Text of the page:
“We promote the idea that every veteran is a self-starter, provided they’re given the tools,” Renteria said. “We’re helping them reinvent themselves.”

 

  Since November, 29 veterans have signed up to be learners. The steps can be completed online, from anywhere in the country, so several of the learners live in other states.

 

  Renteria envisions opening similar centers across the country to offer more hands-on service. On Memorial Day, he opened a second volunteer-run center in Vancouver, Wash.

 

  Before being accepted as a learner, each participant must attend a four-hour orientation, during which Renteria and other mentors instill the concept of veterans helping other veterans.

 

  “Every veteran wants to know, ‘What’s in it for me?’ ” Renteria said. “During the orientation, I shift the concern.”

 

  San Marcos resident Richard Cloonan, a retired Navy dentist and Vietnam War veteran, signed on as a learner and center volunteer to share his success story with others.

 

  Cloonan said veterans often underestimate the valuable  skills they acquire during their military service. He advises them to get back on track and return to school.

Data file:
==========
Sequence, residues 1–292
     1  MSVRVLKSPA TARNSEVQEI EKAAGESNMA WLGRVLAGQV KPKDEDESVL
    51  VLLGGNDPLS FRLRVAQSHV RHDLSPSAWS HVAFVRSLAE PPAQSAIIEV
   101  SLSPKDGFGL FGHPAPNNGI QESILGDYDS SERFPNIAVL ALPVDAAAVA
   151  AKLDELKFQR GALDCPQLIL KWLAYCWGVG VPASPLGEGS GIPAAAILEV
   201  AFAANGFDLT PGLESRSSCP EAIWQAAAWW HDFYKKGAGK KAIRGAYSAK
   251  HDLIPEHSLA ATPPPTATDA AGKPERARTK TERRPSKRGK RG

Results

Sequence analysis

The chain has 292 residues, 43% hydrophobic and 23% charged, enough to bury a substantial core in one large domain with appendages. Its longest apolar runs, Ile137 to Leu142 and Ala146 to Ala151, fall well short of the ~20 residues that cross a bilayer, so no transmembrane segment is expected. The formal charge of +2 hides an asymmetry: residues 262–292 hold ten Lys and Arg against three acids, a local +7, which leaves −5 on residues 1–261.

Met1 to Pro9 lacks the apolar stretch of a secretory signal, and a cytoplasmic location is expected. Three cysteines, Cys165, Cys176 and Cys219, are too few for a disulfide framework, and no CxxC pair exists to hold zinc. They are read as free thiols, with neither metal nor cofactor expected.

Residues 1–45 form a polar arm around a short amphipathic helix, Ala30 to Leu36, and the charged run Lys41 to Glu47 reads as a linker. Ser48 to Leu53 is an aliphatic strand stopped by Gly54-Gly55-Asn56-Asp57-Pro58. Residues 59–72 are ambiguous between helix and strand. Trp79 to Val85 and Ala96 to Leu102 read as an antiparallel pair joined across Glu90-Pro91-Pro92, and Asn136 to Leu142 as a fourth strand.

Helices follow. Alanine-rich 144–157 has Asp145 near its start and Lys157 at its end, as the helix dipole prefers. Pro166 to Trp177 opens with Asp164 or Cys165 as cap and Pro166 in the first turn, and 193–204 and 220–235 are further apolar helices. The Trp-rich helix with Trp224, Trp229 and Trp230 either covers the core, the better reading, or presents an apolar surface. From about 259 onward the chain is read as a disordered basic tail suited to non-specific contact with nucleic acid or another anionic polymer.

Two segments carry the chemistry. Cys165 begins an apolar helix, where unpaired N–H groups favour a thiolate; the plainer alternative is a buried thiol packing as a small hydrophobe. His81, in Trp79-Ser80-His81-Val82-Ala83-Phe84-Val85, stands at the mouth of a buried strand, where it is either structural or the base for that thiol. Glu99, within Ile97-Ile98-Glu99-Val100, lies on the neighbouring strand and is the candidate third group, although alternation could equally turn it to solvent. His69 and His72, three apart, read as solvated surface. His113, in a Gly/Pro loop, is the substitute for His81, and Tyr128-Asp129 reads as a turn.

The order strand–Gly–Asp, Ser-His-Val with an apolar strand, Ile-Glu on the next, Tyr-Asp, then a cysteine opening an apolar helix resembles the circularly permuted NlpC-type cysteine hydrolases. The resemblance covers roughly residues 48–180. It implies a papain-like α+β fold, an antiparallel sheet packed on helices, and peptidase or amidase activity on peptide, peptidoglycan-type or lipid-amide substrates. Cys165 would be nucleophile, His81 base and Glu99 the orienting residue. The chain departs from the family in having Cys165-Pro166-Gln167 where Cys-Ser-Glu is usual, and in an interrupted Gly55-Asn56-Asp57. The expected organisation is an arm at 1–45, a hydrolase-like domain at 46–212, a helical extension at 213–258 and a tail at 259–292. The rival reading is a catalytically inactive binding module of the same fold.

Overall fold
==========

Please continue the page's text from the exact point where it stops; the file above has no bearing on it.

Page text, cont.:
“We’ve all had our traumas, we all had our close calls and it is affected different people different ways,” said Cloonan, 68. “I wanted to tell my story so that they could see that you don’t have to be a genius to get through all this.”

 

  Cloonan said many veterans face self-esteem issues.

 

  “When they go through this program, they’re learning about themselves, (figuring out) what their goals are, what they really want to do, “ he said. “A lot of people get in a rut, and they really don’t have any goals or objectives. What we’re trying to do is redirect them.”

 

  Several veterans have landed jobs as a result of the program. Brooke Raffaele was hired by a local hospital, and Robert McLeod now works at a Veterans Affairs clinic in San Marcos.

 

  Daniel Boothe, an active duty Marine who works in the communications department at Camp Pendleton, learned about the center when he wrote about its opening last fall. After speaking with Renteria, he signed on as a learner and volunteer. Boothe is currently working with Cloonan, helping him market a dental hygiene product he is developing.